Written by: Robert Ker

For a certain segment of the Southern Maine population, the Swans concert at Port City Music Hall on Feb. 17 had been circled on the calendar for some time, and with good reason. Not only are Swans one of the most celebrated cult acts on the rock circuit, but they are also the perfect live act for a city that is lined with crunchy snowbanks, coated in a thick layer of brown sludge and abused by angry, Arctic winds. The people of Portland have had enough of all of this, and Swans makes music for people who have had enough.

They come billed loosely as “metal” or “noise rock,” but they contain neither the full-throttle adrenaline that the former often implies nor the abrasiveness that the latter does. Instead, they offer melodic, droning passages that stretch for miles, frequently involve chanting, and can slowly crescendo into majestic waves. One would almost call it peaceful if it wasn’t loud enough to register on the Richter scale.

The set offered few of these songs, but there was a lot of meat on those bones. Several compositions pushed up against the 20-minute mark, with long introductions in which a violin, trombone or chimes rubbed against traditional rock instrumentation to summon a luxurious bed of atmosphere. Eventually, vocals — unintelligible over the sheer cacophony — would slide in. Rarely would this glacial atmosphere thaw, but when it did, it felt momentous. “A Little God in My Hands,” for example, got heads in the crowd bobbing with a bit more oomph in the drumming and a bass that snaked forward in workmanlike fashion, dragging the song behind it like a ball and chain.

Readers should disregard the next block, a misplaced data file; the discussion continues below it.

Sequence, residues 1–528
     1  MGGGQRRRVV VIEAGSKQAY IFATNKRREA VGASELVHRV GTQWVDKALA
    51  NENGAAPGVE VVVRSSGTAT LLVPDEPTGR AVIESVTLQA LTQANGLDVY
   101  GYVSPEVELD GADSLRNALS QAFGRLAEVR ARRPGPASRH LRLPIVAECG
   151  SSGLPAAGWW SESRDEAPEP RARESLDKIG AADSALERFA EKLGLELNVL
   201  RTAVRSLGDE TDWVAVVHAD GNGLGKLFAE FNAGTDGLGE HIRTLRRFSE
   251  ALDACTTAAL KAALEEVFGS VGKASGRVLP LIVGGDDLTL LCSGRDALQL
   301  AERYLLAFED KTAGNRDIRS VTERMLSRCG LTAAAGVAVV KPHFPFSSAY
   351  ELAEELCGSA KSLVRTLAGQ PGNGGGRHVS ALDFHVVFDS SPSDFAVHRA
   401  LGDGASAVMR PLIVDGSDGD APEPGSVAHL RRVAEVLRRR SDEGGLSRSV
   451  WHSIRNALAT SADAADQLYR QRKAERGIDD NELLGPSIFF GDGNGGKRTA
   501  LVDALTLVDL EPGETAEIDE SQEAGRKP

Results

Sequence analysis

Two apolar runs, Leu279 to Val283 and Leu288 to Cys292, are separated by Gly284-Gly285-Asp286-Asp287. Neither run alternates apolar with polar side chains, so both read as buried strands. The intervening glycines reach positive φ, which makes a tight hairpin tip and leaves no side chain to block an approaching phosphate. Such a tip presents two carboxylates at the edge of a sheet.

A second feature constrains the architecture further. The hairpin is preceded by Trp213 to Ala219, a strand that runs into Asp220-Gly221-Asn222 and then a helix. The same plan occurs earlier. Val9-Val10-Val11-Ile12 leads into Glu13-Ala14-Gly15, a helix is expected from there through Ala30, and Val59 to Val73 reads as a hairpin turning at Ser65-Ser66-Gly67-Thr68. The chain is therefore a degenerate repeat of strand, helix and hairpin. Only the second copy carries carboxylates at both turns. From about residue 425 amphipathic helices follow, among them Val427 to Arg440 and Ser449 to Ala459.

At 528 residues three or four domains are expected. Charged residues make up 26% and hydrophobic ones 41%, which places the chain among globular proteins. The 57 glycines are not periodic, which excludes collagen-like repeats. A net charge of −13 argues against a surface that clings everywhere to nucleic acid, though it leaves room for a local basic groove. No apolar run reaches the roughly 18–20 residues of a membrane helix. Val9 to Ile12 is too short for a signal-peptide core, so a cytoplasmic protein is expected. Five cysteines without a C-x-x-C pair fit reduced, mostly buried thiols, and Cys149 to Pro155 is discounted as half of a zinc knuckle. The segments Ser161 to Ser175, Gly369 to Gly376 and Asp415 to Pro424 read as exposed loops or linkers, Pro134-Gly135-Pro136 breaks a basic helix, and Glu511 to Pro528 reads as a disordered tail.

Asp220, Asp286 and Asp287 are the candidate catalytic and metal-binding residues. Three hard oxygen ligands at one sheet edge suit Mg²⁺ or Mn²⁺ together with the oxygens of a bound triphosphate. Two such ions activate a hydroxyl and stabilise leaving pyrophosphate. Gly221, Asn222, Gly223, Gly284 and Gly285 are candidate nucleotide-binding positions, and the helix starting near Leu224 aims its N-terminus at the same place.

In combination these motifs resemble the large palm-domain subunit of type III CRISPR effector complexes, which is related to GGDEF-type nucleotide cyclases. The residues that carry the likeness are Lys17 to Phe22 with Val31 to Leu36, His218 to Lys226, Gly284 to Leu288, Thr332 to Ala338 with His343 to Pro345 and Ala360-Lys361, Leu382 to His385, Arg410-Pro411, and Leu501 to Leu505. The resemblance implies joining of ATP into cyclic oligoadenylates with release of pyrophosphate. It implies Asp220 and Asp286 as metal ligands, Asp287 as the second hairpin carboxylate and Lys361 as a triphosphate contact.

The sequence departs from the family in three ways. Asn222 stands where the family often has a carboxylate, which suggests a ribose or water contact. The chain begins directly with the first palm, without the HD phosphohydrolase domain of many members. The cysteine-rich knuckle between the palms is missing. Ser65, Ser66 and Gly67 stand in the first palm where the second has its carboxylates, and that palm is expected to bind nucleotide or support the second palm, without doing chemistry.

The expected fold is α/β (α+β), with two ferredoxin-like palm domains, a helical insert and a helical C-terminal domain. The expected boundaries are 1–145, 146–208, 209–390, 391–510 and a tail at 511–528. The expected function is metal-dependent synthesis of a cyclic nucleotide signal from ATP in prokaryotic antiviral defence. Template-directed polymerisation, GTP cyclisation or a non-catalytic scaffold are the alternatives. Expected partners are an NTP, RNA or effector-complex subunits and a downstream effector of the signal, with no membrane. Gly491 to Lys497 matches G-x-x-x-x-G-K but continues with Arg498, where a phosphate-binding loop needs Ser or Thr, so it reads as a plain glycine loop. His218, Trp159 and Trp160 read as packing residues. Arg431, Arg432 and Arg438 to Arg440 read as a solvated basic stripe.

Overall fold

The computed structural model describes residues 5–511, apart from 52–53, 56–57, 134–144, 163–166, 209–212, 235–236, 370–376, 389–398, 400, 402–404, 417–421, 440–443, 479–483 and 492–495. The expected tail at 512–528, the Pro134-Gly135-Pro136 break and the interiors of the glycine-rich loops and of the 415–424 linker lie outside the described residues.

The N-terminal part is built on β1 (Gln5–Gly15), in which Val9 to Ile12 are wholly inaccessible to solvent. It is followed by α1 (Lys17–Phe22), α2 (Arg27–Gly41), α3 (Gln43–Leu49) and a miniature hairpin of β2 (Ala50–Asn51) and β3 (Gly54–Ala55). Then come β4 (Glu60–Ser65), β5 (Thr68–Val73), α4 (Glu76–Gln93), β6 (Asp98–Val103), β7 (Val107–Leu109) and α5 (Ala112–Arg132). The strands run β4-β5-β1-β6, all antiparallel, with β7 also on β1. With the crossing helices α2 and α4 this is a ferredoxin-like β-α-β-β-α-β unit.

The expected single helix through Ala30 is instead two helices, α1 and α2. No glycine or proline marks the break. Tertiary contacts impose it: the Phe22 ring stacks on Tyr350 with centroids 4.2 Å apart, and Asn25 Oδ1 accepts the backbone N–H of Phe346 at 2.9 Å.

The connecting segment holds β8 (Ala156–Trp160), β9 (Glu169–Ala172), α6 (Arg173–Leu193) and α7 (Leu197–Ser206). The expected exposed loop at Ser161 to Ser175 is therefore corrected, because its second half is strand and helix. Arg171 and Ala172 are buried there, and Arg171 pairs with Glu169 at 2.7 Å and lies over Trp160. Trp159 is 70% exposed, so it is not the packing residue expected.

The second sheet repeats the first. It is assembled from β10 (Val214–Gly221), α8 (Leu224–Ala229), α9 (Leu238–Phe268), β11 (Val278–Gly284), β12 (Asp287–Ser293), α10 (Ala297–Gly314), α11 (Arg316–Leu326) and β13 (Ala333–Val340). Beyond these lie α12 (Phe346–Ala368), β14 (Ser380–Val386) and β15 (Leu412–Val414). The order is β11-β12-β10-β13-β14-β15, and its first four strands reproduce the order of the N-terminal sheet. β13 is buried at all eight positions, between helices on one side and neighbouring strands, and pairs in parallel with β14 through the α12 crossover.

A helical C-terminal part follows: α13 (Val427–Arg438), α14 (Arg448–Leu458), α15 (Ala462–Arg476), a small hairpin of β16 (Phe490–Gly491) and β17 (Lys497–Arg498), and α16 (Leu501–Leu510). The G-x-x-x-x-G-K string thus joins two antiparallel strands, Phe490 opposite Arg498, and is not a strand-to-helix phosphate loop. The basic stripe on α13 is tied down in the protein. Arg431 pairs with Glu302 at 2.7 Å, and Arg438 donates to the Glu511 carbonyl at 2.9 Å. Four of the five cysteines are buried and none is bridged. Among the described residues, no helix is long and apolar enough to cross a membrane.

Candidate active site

It took a lot of grit to get the band here. The last few years have represented a remarkable second act in the life of Swans. They came up alongside Sonic Youth in the years after punk rock in early-1980s New York City, growing in popularity without ever quite enjoying breakout success, and dissolving shortly after 1996’s “Soundtracks for the Blind.” In 2010, frontman Michael Gira assembled a new iteration of the band with a mixture of old and new members. Thanks in part to some fawning press, he discovered a fresh audience and offered them three impressive albums in a row. The most recent of which, “To Be Kind,” provided the lion’s share of the live set.

Even though Swans have released music since 1983, the Port City show was their first-ever concert in Maine and took place just a few days before Gira’s 61st birthday. As a frontman, his chiseled, no-nonsense stature suited the performance, as he struck a figure as hardened and imposing as the music he played. Oftentimes he would slowly raise his arms, as if his hands were levitated by the vibrations his band produced, and during these moments he could have passed as a man performing an incantation. Even though his music sounds as if it comes from a dark, twisted place, moments like these could only be described as blissful.

Concert review

WHAT: Swans

WHERE: Port City Music Hall